Amanda Mattingly is the ICAPP Supervisor for the Domestic Violence Services (DVS) department at the YWCA of Central Massachusetts. In her role supervising ICAPP, which stands for Intensive Co-Assessment Planning Process, Amanda works with survivors of domestic and sexual violence who are experiencing housing instability using a trauma informed social justice lens and wellbeing orientation.
In addition, Amanda works on the DVS training team to train staff and community members on domestic violence, advocacy, and vicarious trauma. Amanda also sits on the Worcester Domestic Violence High Risk Team, the Housing Stability and Self-Sufficiency Sub-Committee of the Governor’s Council to Address Sexual Assault and Domestic Violence, and regularly attends community meetings such as the Coordinated Community Response Network (CCRN) and Continuum of Care (COC).
Where Did You Attend School?
UMass Amherst- English
How Long Have You Been At YWCA?
What’s The Best Part Of Your Job?
I love being able to witness when a survivor achieves their goals and feels empowered. I also really enjoy envisioning and working for a better world with my brilliant colleagues.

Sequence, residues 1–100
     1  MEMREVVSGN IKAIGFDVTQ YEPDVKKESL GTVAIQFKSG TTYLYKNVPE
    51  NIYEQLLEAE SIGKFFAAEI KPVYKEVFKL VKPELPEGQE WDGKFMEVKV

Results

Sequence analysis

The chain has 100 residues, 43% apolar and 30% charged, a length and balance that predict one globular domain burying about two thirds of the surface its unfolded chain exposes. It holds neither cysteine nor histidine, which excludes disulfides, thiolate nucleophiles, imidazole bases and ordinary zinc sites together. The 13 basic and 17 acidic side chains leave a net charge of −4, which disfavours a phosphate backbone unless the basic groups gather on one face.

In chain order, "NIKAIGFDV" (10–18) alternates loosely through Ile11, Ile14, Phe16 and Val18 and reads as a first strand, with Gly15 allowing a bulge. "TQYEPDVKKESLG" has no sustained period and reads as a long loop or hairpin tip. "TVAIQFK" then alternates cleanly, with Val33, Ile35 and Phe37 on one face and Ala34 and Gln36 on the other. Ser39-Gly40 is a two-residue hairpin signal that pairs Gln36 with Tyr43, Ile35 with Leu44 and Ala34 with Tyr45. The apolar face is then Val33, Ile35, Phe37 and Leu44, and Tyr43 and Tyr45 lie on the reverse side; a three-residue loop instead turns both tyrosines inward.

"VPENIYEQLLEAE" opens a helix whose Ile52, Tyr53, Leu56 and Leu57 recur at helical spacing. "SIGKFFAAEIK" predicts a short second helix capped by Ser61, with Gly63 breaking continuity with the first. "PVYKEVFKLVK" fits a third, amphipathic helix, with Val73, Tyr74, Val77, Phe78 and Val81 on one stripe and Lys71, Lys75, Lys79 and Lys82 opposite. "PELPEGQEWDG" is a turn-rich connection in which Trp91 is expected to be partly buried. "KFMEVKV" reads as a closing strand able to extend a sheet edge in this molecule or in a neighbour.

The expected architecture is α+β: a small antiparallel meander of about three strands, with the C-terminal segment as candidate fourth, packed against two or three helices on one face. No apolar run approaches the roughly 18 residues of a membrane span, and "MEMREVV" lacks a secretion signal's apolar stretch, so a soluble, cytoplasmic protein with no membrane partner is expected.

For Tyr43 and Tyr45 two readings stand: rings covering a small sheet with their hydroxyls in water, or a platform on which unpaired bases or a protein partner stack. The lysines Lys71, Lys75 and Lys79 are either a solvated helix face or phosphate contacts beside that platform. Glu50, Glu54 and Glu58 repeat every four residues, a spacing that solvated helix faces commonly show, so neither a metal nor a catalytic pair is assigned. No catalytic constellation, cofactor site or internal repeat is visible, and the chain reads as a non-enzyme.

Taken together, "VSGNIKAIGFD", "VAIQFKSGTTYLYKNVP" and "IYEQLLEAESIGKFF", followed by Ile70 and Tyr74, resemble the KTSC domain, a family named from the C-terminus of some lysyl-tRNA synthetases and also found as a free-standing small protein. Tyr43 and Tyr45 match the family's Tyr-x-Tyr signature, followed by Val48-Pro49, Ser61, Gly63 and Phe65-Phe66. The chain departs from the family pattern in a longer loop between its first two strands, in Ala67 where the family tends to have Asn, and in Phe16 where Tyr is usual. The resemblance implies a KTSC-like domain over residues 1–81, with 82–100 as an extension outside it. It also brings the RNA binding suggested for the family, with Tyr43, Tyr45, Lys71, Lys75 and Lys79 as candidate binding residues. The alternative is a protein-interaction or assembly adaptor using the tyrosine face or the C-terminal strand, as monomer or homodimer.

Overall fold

Who Inspires You?
The survivors I get to work with inspire me all the time with their courage, persistence, and wisdom.I am constantly learning from our participants!
What Song Empowers You?
Times Like These by Foo Fighters
What’s Your Favorite Quote?
“I am no longer accepting the things I cannot change. I am changing the things I cannot accept” – Angela Davis
What Does The YWCA Mean To You?
The YW means a great deal to me – I have the opportunity to serve survivors, to think critically about how our culture and systems can change to prevent violence, and actively strive to shape a better world. I am lucky to be part of a great team!
About Amanda’s Program: ICAPP
Intensive Co-Assessment Planning Process (ICAPP) is a new pilot approach supporting sexual and domestic violence survivors, in four counties across Massachusetts (Worcester, Berkshire, Hampshire, Franklin). ICAPP is an intensive, time-limited process to support positive outcomes and increase wellbeing for people who are homeless or at risk of homelessness. ICAPP addresses some of the systemic fragmentation and inaccessibility that impedes survivors’ progress and access to housing. ICAPP is centered around using a Wellbeing Orientation which includes building on what’s going well in people’s lives and what’s working for them, in their family and community. ICAPP provides immediate intervention during approximately the first 24 hours when a Participant is in need of emergency housing. Over the following weeks, mid-term options are co-assessed, balancing the need for assessing the longer-term implications and tradeoffs of any decision with the need to focus on the here and now. The purpose of ICAPP is to join with the Participant and their family to determine what is needed in the immediate future, without having to make decisions that may trigger a cascade of events that are hard to undo or that have long-term consequences.